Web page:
Bamboo flooring is generally considered an alternative to hardwood and has earned a solid position in the flooring market in recent years. Most building centers now carry at least some bamboo flooring inventory, and many more options are available through bamboo suppliers.
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Bamboo flooring makes a lot of sense—both from a decorating standpoint and a green, eco-friendly materials perspective. It is exotic in appearance, some with the characteristic knuckles and strand striations of natural bamboo, but it is also affordable. It comes in several different types and a few different colors and finishes. As with hardwood flooring, there are traditional nail-down versions of bamboo as well as easy-to-install floating floor options.
Bamboo Flooring Is Considered Eco-Friendly
Bamboo is a renewable material. Botanically, it is a grass that can grow to harvestable size in just five to seven years. Most bamboo used for flooring comes from the giant Moso bamboo plant. These plants require very little or no fertilizer and regrow after harvest, and that is all very good on the green scale.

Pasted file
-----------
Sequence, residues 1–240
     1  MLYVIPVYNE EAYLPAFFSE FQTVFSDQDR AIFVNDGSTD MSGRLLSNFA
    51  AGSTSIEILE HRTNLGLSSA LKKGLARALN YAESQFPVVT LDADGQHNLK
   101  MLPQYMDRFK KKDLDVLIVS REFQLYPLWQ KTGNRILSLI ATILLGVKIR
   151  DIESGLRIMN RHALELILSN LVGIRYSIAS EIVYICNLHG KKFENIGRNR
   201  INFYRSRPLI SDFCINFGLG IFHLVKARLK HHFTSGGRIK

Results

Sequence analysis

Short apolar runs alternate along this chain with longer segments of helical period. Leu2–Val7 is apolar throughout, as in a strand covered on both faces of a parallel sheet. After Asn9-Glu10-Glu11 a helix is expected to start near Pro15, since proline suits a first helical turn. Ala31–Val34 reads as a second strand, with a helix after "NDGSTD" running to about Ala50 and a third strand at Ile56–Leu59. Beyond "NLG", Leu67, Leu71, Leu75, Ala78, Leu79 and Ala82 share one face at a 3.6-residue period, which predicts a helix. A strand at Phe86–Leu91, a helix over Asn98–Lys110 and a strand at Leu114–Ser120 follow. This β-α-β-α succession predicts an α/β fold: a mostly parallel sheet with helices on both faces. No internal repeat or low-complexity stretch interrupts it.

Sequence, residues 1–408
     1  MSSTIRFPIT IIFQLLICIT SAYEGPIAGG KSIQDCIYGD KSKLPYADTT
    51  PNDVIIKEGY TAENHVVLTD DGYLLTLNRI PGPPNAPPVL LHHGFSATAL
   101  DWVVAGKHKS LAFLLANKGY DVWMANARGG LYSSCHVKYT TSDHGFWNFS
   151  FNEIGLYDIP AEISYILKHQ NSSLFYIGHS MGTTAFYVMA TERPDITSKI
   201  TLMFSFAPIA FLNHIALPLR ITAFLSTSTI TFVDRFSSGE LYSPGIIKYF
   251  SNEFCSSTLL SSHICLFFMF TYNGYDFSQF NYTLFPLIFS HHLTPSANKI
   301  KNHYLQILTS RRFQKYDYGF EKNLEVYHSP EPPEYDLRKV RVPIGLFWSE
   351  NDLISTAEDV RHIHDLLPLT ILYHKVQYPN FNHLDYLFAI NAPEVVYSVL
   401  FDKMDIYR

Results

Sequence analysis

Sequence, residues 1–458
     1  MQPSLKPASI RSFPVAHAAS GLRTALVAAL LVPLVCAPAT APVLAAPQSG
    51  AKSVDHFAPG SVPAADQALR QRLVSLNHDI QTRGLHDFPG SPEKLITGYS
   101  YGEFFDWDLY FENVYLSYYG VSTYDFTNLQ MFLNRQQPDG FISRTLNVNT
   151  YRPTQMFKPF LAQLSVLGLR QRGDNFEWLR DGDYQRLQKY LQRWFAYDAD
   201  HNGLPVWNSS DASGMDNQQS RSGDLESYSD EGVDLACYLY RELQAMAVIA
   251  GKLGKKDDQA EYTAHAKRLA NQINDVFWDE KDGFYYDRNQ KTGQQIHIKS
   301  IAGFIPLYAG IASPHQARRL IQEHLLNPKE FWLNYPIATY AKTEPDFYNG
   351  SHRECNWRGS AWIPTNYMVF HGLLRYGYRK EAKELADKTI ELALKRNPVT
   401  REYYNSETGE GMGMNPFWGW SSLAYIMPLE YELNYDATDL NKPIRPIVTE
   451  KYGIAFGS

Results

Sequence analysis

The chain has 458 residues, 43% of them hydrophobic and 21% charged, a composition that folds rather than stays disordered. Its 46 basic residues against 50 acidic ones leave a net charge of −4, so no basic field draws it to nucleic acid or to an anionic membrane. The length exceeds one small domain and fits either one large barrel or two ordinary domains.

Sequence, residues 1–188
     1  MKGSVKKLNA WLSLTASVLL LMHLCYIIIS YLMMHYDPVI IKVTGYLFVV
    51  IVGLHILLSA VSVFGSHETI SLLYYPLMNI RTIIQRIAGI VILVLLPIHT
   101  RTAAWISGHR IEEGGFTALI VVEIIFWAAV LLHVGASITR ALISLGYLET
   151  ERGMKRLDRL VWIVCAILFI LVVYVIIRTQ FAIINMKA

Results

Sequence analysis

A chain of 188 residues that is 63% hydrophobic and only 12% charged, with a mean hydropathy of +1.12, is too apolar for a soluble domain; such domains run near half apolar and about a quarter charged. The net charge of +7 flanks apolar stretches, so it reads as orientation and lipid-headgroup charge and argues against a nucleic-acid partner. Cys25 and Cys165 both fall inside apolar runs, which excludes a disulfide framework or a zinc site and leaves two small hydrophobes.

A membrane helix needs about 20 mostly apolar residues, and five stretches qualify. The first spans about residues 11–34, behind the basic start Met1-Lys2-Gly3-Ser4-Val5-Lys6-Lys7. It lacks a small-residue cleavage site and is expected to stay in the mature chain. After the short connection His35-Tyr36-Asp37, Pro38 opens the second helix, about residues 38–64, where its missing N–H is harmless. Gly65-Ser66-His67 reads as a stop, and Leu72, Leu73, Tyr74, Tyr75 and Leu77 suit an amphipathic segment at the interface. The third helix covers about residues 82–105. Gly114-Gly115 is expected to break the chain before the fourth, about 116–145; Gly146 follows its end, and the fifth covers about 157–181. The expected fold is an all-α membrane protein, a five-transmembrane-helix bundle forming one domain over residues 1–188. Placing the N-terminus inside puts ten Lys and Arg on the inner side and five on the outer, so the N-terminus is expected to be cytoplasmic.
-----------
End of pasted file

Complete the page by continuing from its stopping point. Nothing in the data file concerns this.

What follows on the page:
But there are issues with bamboo, too. Bamboo flooring is made with a lot of chemical binders and requires a good deal of energy-intensive processing. The flooring products usually are prefinished, with everything from lacquer to aluminum oxide. None of these chemicals or binders or finishes are environmentally positive, although some, like urea formaldehyde, are more problematic than others (and consequently many manufacturers have moved away from it).
The bottom line is that the raw material of bamboo flooring is a renewable resource that can be produced in sustainable ways, but the manufacturing and shipping of the finished flooring is pretty conventional.
How Bamboo Flooring is Made
Bamboo flooring is manufactured almost exclusively in China, where Moso bamboo is native. The manufacturing process is determined by the type: horizontal, vertical or strand-woven being the primary three.
Horizontal bamboo flooring is made by laminating and layering broad strips of the bamboo canes. Solid bamboo planks made this way usually have at least three layers. If the planks have very noticeable "knuckles" you are probably dealing with horizontal bamboo.
Vertical bamboo flooring is made by face-gluing together thick, narrow strips of solid bamboo. It is somewhat harder and more damage-resistant than horizontal bamboo flooring, but it is less commonly available.
Strand-woven bamboo flooring looks the least like natural bamboo, and more recent versions imitate exotic hardwoods and even traditional wood floorboards. It is manufactured by shredding or slicing bamboo canes into strips and sorting them by color. Some are "carbonized" in large ovens to give them a dark coffee color. The strips and shreds are mixed with resins and binders and pressed under high pressure and temperature before being dried and cured in kilns. The resulting material is cut into strips or planks for use in the finished flooring.